By RICH FOLEY
I recently read a couple of articles about intestinal problems caused by bacteria called Clostridium difficile that result in about 250,000 hospitalizations and 14,000 deaths yearly in the United States, according to a report in the Washington Post. The bacteria can destroy a person’s intestinal lining if not treated and about 30 percent of those affected don’t respond to antibiotics.
What can help many of these patients is something I’d never guess could be used as medicine, but, as always, you can’t argue with results. Bacteria from a healthy person can be transplanted into a sick patient, often fighting off the invading Clostridium difficile within a few days.
It’s where the healthy bacteria come from that tends to make me a bit queasy, even though I have no intestinal problems that I know of. The magic healing bacteria come from, dare I say this in a family newspaper, the defecation of healthy persons. Now you know why I feel queasy.
Previously, the bacteria were transplanted into the sick person’s digestive tract by a colonoscopy or a tube leading from the nose to the stomach, two methods that make death seem slightly less scary by comparison. Luckily for us all, researchers have come up with a much more palatable option that has the same success rate.
The stool sample can now be combined with medical-grade saline and filtered. It’s then concentrated and put into capsules. The patient then merely swallows a tasteless capsule, actually 15 capsules a day for two days, and the treatment is finished. In tests, this alternative returns normal bowel health and function to 90 percent of patients, the same as the colonoscopy or tube options.
That’s great news for those who may have the same affliction in the future. After all, it’s always a good time to not need a colonoscopy.
But I know what you’re thinking: Just where does the “fecal matter” needed for this process come from? Actually, it’s bought from folks who earn up to $13,000 yearly for providing “raw material” they used to literally flush down the toilet.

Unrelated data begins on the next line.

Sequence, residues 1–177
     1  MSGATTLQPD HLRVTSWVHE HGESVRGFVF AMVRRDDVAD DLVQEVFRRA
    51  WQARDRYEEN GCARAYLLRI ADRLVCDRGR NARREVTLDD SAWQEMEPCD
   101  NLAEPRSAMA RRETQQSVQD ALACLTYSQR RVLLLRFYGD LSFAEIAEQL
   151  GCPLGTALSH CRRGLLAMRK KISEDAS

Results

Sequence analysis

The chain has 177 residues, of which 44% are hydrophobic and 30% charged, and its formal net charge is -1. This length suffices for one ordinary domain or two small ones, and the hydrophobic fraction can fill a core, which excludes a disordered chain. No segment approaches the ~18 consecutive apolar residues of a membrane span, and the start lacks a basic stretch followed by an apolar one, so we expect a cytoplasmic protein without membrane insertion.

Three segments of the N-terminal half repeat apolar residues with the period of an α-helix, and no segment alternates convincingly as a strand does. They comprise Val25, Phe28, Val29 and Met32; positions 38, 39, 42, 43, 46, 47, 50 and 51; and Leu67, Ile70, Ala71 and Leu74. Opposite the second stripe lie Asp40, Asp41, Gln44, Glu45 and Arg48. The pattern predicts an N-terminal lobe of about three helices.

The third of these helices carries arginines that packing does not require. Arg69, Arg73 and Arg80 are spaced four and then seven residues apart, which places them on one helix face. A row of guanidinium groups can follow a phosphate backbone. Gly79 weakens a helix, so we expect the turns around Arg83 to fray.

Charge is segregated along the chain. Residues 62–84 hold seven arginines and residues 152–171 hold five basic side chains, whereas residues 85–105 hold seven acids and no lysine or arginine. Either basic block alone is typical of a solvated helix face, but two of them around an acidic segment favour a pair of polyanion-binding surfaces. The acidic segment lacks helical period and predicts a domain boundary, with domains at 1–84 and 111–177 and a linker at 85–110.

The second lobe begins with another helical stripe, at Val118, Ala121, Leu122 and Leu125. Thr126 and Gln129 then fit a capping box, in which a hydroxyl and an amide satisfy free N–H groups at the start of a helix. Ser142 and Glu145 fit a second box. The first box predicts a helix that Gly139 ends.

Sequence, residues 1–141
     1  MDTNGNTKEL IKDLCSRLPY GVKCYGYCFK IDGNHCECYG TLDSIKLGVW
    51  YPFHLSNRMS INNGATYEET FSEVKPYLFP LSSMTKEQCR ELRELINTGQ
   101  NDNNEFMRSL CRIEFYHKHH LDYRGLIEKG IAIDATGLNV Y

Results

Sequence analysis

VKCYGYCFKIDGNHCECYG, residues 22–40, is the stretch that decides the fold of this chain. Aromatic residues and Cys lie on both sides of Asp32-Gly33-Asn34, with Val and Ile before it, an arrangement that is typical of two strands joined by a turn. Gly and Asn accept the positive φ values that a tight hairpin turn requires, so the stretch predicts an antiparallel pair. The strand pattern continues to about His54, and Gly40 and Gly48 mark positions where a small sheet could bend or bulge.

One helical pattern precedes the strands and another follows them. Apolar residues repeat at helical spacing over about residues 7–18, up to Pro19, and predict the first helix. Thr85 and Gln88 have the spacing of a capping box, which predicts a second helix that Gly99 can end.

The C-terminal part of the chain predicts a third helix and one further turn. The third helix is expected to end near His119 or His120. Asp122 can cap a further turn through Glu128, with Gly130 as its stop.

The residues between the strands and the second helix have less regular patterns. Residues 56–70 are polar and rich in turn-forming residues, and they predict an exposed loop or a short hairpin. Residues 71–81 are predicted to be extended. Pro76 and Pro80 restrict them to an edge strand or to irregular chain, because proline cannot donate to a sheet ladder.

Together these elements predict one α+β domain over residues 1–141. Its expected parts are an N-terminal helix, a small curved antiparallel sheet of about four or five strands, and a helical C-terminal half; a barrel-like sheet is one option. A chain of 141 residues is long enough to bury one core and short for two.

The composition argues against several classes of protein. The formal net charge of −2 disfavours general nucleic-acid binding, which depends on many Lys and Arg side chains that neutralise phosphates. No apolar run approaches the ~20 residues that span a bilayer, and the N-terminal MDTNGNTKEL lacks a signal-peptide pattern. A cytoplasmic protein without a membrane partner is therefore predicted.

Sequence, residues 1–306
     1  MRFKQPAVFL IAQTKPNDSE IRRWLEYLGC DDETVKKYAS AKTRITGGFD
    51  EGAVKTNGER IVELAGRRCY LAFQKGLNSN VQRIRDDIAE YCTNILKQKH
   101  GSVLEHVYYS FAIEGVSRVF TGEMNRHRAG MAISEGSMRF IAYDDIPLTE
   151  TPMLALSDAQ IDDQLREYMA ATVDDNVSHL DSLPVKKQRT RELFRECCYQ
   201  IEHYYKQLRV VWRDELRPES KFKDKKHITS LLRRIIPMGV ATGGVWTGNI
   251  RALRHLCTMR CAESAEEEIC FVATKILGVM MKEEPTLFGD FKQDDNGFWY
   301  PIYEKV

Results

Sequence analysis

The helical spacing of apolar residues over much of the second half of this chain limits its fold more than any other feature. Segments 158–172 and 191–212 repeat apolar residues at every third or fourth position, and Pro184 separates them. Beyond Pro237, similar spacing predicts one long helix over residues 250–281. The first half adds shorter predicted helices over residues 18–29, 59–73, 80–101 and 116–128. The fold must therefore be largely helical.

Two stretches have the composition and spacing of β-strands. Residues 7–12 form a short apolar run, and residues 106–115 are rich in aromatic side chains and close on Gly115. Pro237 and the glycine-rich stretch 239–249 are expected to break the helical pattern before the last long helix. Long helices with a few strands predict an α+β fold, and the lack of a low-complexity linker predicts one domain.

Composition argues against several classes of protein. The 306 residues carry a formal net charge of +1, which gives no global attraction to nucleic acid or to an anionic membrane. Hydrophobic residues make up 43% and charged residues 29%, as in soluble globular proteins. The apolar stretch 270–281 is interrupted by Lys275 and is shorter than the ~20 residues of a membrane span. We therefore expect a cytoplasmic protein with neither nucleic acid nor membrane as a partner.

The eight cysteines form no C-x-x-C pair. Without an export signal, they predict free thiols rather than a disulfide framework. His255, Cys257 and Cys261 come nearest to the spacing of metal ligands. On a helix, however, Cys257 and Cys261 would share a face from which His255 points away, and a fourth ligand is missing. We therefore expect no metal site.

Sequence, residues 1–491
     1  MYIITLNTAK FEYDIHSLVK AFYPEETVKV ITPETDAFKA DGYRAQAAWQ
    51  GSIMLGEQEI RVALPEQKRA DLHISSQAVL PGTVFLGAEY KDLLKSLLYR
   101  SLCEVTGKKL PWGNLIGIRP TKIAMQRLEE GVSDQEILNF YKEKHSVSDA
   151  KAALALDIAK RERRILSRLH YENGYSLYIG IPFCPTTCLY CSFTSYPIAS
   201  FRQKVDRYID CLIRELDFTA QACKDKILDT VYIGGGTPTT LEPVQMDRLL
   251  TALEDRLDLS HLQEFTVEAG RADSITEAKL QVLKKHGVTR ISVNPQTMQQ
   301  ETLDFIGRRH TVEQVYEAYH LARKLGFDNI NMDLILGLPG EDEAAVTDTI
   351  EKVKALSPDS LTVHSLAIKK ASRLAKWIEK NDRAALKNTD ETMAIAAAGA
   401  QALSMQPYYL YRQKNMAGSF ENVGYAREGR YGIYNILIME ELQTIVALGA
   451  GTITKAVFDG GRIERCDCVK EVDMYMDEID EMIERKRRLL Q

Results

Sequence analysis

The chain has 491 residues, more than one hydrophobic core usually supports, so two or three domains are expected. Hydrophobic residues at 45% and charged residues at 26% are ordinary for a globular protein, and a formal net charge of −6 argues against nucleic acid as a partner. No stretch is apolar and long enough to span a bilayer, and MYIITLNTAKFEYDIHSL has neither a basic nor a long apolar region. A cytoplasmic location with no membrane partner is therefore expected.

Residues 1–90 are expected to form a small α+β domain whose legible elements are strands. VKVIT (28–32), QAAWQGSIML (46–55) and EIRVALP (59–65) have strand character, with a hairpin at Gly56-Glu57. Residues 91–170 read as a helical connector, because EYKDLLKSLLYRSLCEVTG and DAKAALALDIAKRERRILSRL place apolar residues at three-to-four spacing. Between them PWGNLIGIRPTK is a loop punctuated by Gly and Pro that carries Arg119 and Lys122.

OpenBiome, a non-profit organization based in Medford, Mass., pays people to come to its facilities and make what I guess we’d have to call a deposit, all in the name of science, of course. According to an article in Men’s Health, OpenBiome pays donors $40 per visit, with an additional $50 weekly bonus to those making a donation five times in one week. That’s $250 per week if you make it to work, presuming you can call it that, every day. Assuming you take two weeks vacation a year, that adds up to $13,000. Skip vacationing and you’re up to $13,500.
The upside is your work day probably doesn’t last more than 30 minutes, if not much less. Some might scoff at a “mere” $250 per week, but for most donors, that probably comes to $200 per hour, more or less, for the time needed to perform your duty. You’d still have plenty of time to pick up another job on the side.
Even better, your budget for toilet paper will plummet as you won’t be needing it at home except on weekends. Since your pay is based on a maximum of five donations a week, I’m guessing OpenBiome is closed Saturday and Sunday. If that’s the case, on weekends you’ll be flushing money down the drain until Monday comes around again.
Just think of the fun you’ll have telling your friends that you poop for pay. On the other hand, I’d suggest waiting a bit before telling potential dates what you do for a living. Here’s where having another job could help save you from having to admit what your morning job entails. That is, if you can even get the job in the first place.
Luckily for those who ultimately receive the donations, OpenBiome has a very extensive screening process to select those allowed to submit their samples for use. Those chosen have to be found to be in extremely good health. As a result, over 95 percent of applicants to the company are rejected for one reason or another.
I’m trying to resist saying the chosen excrement is truly the cream of the crop, but in reality, it’s true. And for many of the patients who finally end up receiving the result of the donations, it often is a lifesaver as well.